Mitsubishi to make a wireless HDTV

The TV maker hooks up with Amimon to offer a television that receives HD input via wireless HDI technology.

Erica Ogg Former Staff writer, CNET News
Erica Ogg is a CNET News reporter who covers Apple, HP, Dell, and other PC makers, as well as the consumer electronics industry. She's also one of the hosts of CNET News' Daily Podcast. In her non-work life, she's a history geek, a loyal Dodgers fan, and a mac-and-cheese connoisseur.
Erica Ogg

Mitsubishi wireless HDTV
Mitsubishi's foray into wireless HDTV. Amimon

Mitsubishi will be joining the rarefied ranks (in TV anyway) of Sony and Samsung in offering wireless television.

Wireless chipmaker Amimon is set to announce Thursday that Mitsubishi will use its technology to send high-definition TV signals to its latest LCD TV without wires. It will come in 40-inch and 46-inch sizes. The 40-inch model will cost 300,000 yen (or $2,731), and the 46-inch model will sell for 400,000 yen ($3,642).

Mitsubishi's TV will have the chips embedded in the TV, and will come with a separate receiver unit that can send and receive uncompressed HD video signals up to 100 feet away. That means you can keep the receiver in a room downstairs or in a cabinet--no line of sight necessary.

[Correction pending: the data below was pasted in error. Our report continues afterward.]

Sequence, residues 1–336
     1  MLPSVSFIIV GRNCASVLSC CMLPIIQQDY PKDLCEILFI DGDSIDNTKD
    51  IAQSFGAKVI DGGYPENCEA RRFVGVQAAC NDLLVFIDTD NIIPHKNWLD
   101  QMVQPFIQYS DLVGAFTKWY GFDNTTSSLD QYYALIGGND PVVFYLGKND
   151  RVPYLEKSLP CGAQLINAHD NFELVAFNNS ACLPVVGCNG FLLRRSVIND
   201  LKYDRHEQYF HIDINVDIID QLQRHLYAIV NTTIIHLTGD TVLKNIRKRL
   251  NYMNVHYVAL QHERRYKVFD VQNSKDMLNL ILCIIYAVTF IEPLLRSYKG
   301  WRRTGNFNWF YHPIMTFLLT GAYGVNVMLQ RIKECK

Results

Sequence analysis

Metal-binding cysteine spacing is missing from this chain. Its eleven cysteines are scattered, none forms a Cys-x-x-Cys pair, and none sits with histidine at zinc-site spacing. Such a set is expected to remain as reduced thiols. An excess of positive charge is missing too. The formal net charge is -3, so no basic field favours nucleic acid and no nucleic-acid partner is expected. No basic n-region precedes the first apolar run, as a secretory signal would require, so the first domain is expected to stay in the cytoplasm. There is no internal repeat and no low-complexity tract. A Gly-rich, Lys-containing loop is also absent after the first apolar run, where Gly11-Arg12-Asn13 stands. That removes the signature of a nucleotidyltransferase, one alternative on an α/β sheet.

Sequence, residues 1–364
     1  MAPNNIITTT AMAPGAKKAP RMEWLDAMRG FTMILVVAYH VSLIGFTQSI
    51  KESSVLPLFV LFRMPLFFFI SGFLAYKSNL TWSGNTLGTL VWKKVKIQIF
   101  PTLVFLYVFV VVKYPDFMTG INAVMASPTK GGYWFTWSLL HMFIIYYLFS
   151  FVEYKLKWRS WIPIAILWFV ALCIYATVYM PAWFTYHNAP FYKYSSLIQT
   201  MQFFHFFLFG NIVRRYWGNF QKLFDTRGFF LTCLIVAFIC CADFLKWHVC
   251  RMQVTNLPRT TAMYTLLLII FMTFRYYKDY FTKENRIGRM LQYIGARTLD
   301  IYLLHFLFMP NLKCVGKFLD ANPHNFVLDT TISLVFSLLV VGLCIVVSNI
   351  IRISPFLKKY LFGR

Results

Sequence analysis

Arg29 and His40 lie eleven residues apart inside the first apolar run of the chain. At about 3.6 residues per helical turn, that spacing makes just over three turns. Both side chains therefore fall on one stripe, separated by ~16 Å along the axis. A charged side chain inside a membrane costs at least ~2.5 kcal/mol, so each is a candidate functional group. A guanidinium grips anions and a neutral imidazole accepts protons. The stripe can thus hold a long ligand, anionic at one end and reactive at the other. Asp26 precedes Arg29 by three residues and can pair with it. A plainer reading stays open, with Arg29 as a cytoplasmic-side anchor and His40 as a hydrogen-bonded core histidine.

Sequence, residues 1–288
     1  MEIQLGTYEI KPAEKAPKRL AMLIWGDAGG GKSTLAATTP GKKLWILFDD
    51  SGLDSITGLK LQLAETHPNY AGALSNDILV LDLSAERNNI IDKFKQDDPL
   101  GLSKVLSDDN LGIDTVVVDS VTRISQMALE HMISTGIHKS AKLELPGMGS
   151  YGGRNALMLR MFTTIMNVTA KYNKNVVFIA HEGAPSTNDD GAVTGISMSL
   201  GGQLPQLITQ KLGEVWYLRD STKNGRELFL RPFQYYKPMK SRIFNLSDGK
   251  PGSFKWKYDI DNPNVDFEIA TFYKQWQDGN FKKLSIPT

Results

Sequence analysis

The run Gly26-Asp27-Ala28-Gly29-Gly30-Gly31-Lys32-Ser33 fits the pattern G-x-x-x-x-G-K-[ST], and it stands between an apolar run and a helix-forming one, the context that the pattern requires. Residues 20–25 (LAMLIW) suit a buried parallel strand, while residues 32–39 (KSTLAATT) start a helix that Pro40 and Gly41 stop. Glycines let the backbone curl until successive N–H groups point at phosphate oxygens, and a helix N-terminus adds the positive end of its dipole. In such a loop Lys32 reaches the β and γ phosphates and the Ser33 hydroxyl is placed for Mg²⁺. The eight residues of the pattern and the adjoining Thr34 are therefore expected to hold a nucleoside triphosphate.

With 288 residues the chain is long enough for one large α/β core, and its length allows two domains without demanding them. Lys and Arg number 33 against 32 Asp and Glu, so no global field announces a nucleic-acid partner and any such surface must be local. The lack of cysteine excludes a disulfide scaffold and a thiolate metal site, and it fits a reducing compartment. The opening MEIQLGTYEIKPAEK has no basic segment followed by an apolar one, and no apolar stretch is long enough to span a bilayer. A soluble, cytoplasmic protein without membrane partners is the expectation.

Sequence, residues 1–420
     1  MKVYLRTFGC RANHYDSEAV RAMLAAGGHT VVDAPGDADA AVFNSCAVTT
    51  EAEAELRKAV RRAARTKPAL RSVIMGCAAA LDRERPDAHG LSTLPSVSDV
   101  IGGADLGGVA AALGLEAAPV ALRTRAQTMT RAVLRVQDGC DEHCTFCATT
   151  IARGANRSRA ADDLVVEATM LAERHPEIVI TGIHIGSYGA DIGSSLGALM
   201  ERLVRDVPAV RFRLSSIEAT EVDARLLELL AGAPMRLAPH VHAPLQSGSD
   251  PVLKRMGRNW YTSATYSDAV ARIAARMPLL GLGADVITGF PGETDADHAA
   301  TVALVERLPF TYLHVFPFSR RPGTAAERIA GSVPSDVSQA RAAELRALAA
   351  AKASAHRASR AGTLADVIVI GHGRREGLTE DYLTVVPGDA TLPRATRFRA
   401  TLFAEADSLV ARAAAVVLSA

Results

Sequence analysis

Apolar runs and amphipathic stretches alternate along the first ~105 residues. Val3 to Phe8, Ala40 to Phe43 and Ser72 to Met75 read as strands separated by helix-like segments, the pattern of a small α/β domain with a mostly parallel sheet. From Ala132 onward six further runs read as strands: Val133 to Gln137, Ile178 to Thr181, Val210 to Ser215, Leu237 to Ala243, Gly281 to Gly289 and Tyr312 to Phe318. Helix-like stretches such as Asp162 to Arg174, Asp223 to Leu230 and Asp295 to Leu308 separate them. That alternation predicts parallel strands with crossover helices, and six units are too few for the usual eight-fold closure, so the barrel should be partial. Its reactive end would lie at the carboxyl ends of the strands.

Here's the catch--it's being released in Japan only this fall. However, it's likely Mitsubishi will broaden distribution of this TV. Wireless HD video is a category that Amimon--which heads a consortium of chipmakers and consumer electronics companies pushing for a whole-home wireless TV standard called Wireless HDI--and others have been talking up for a while.

But it's been a long time coming, and it will be even longer before this is a mainstream product category. Amimon said recently it sees that happening in three to five years.